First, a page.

Weylin is a werewolf and his lover Drake Keating is a wizard. They had been close friends for years and lived together as lovers even though they were not mates. Wey was a musician so he normally slept during the day, but it was afternoon and he was wide awake. He had a sense of foreboding then his heart started beating irregularly and his eyes glowed, a sure sign that something was very wrong. Drake who was never concerned about anything was also alarmed, and while they were trying to figure out what the problem was Wey’s cell phone rang and it was his best friend Grant, which was also strange because Grant knew that he was never awake during the day. Turns out Grant wanted to see him, which in itself was not surprising but the location was unsettling to Wey because Grant asked him to drop by In The Light, a bar in the Shadoworld, in the Five Dark Realms, an area he never liked due to the types of people who hung out there. The only beings he knew personally who lived in the Shadoworld which existed on a plane between the Darkworld and the Afterworld were the Fallen Angels.
Of course Wey went to see Grant. He went through the portal into the Shadoworld and Grant was sitting in the bar with a drink, eating peanuts as he always had done when they were together. As they chatted the conversation seemed stilted and he couldn’t figure out what was wrong. Grant was the same, yet he wasn’t, and while everything seemed normal some of his mannerisms were different and he was in considerable pain, which begged the question – why hadn’t he shifted since this would have eliminated the pain? They started going over their lives together and talking about the important highlights and asking questions that neither thought of asking before. Did Wey have some sort of premonition?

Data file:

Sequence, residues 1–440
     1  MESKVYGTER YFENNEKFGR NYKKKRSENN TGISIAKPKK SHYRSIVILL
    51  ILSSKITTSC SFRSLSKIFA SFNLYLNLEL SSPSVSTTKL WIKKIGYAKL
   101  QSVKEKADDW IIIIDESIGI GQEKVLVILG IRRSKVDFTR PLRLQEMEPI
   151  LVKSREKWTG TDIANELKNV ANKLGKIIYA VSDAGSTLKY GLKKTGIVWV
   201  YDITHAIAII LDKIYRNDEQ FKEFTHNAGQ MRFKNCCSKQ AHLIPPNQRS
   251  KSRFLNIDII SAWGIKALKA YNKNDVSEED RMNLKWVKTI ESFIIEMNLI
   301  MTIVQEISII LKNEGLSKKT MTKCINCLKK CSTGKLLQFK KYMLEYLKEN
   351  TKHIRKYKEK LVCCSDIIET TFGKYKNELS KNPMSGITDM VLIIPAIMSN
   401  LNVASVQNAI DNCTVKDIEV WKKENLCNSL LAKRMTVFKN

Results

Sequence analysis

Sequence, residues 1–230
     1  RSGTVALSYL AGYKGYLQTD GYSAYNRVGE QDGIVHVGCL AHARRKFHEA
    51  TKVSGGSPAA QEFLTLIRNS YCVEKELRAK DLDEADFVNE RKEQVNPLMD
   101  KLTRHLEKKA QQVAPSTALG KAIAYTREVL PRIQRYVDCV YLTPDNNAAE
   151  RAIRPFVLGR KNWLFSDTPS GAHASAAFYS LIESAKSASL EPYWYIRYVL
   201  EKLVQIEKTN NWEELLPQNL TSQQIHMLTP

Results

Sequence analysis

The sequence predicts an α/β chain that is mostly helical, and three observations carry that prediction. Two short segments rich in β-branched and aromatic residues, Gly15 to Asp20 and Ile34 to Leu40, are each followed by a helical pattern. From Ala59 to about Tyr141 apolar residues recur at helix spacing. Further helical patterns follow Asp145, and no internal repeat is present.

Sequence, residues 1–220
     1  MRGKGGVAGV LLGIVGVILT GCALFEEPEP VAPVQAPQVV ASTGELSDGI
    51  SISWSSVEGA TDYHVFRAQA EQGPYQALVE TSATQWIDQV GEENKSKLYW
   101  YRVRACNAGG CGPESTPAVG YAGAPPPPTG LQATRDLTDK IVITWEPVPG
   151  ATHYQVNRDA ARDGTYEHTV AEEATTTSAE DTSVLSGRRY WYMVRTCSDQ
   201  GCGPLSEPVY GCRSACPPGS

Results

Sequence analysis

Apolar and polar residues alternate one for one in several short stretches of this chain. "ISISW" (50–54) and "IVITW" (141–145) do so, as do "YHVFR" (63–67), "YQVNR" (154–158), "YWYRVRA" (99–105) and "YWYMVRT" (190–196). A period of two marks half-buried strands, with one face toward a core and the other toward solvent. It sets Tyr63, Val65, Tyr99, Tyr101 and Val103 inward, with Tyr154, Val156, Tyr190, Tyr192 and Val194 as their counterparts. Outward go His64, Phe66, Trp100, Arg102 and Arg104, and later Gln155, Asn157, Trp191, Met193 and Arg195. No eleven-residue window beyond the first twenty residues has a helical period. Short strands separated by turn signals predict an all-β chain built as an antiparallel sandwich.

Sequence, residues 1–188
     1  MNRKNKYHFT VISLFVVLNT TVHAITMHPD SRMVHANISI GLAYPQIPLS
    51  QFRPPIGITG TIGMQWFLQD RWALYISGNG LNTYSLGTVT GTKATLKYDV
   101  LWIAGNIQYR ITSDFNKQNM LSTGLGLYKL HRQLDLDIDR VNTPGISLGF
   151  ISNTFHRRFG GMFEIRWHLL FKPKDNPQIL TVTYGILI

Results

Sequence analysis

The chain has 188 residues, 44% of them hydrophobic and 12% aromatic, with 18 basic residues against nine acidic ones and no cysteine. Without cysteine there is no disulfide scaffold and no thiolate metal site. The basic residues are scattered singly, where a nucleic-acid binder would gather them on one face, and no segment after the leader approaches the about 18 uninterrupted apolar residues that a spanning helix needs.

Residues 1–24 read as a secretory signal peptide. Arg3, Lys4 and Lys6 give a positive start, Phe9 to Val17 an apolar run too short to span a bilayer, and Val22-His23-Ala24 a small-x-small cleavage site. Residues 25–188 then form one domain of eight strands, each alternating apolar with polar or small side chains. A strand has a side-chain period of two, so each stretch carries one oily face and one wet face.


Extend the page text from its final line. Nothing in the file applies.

This story was another one that I enjoyed a lot, because although it was sad, dark and sombre and at times it was like someone had walked over a grave, it was also funny as Grant and Wey laughed about their sexual escapades with the Fallen Angels and other beings.
The point that Wey had always impressed on his friend was to do the right thing as Grant reminded him, and although that may not always have the fairest outcome it was the only thing that any man with a conscience could do, and Grant followed that advice to the letter.
I think if you enjoy paranormal stories you will definitely like this one.
The Lost Ones by Victor J Banis